Massachusetts State Police
(CENTRAL FALLS, R.I.) — An airline passenger accused of attempting to open a plane emergency exit door and then swinging at a flight attendant with a broken spoon allegedly tried to attack two guards Tuesday at the jail where he is being held, law enforcement sources told ABC News.
Francisco Torres, 33, of Leominster, Massachusetts, is being held at the Wyatt Detention Facility in Central Falls, Rhode Island, after he was ordered detained pending a bail hearing on Thursday.
Details and the severity of the incident at the jail were not immediately clear.
A spokeswoman for the U.S. Attorney’s Office for the District of Massachusetts, which is prosecuting the case against Torres, declined to comment.
A request for comment was not immediately answered by the warden’s office.
Torres was charged with one count of interference and attempted interference with flight crew members and attendants using a dangerous weapon, following the incident on a United Airlines flight on Sunday from Los Angeles to Boston.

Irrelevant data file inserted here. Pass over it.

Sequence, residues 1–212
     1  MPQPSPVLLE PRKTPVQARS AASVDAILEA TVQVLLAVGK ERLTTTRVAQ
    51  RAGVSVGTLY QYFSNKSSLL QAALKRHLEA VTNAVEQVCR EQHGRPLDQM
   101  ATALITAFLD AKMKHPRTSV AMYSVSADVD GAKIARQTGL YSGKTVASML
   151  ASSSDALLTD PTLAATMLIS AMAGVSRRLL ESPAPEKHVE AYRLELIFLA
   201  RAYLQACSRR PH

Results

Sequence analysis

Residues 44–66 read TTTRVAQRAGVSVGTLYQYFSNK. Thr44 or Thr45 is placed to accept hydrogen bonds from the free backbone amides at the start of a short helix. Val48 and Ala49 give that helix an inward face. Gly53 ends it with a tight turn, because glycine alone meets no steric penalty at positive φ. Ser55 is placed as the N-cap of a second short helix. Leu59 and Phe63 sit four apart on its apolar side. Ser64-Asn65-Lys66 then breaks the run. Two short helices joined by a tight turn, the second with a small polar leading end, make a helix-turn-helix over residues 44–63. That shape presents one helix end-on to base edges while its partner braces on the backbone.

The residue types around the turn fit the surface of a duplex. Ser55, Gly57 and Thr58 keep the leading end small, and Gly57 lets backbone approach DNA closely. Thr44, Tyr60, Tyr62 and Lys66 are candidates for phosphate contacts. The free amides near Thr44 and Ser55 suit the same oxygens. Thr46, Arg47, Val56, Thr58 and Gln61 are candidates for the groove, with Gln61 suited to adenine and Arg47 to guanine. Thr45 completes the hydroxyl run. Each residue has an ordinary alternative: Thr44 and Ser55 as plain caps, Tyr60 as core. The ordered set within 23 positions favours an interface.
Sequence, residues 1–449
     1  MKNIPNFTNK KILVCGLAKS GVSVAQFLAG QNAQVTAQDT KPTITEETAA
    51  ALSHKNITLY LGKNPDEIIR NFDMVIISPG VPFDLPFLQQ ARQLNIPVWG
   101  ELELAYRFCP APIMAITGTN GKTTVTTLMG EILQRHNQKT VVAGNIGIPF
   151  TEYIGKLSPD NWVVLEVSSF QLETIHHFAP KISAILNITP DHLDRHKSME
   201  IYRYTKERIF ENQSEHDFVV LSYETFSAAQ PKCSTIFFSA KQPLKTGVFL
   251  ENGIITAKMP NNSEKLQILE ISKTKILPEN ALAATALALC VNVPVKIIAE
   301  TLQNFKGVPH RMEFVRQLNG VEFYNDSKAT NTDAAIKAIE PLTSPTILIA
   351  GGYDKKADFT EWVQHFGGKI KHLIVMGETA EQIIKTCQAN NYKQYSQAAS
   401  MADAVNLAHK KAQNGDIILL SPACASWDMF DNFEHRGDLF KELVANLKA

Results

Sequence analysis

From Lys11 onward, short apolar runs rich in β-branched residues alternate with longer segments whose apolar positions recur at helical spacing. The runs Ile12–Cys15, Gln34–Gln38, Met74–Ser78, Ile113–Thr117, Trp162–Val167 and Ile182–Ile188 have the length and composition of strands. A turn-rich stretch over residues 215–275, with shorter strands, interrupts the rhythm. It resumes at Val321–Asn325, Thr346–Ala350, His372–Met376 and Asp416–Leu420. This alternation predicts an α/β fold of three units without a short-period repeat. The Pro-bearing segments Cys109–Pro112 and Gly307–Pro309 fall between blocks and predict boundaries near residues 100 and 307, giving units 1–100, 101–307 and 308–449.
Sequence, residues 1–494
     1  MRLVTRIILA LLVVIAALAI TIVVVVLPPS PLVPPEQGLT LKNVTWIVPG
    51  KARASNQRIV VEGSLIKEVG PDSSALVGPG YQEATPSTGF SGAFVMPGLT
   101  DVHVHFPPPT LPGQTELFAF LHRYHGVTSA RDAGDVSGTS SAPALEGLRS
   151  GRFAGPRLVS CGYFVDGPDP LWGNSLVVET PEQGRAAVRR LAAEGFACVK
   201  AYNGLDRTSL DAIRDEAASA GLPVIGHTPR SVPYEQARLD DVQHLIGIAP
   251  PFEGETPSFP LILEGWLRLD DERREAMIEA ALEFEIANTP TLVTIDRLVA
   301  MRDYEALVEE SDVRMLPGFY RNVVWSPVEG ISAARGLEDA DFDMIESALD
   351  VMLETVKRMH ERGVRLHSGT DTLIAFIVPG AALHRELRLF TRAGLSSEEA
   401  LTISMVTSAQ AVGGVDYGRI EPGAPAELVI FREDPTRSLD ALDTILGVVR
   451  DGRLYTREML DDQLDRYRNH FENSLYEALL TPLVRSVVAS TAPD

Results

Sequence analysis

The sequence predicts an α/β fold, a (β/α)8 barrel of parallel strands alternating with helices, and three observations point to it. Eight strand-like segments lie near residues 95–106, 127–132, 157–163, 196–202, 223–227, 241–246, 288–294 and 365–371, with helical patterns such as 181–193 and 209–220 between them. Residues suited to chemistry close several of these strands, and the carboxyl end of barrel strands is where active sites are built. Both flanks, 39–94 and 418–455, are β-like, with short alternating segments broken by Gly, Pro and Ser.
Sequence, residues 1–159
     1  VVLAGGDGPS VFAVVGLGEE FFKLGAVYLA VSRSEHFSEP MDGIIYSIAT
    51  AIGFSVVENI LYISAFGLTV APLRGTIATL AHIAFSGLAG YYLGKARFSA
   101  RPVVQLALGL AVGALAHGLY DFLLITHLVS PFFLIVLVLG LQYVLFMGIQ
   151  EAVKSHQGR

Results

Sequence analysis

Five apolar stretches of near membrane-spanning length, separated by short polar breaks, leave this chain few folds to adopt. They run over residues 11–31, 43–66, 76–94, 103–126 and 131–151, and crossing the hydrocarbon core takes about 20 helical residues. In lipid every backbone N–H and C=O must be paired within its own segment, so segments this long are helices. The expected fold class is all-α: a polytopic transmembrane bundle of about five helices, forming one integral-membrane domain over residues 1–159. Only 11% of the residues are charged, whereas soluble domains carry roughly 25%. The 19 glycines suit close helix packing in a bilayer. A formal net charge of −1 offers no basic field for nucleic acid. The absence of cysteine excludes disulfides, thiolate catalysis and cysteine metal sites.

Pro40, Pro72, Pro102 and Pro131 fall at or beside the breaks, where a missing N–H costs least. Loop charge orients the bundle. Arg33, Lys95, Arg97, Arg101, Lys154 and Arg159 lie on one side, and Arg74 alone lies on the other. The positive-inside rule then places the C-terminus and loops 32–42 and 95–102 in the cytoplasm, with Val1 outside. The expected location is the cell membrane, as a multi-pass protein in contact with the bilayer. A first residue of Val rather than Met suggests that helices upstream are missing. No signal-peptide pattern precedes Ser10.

Torres allegedly tried to stab a flight attendant in the neck with a broken metal spoon after he was confronted about tampering with the door, federal prosecutors said.
A “flight attendant found that the door’s locking handle had been moved out of the fully locked position … and that the emergency slide arming lever had been moved to the ‘disarmed’ position,” prosecutors said.
Torres later told police he went into the bathroom to break the spoon “to make a weapon,” court records stated. Torres also allegedly told investigators he believed a flight attendant was trying to kill him, so he tried to kill the flight attendant first, according to court records.
Fellow passengers tackled him and the flight crew helped restrain him, prosecutors said. The flight attendant told police he wasn’t hurt, according to court documents.
Torres was taken into custody when the flight landed at Logan Airport.
Torres has two prior arrests, one for armed robbery and the other for assault and battery, though he was never convicted, law enforcement sources told ABC News. It appears he was determined not fit for prosecution.
ABC News Emily Shapiro and Benjamin Stein contributed to this report.
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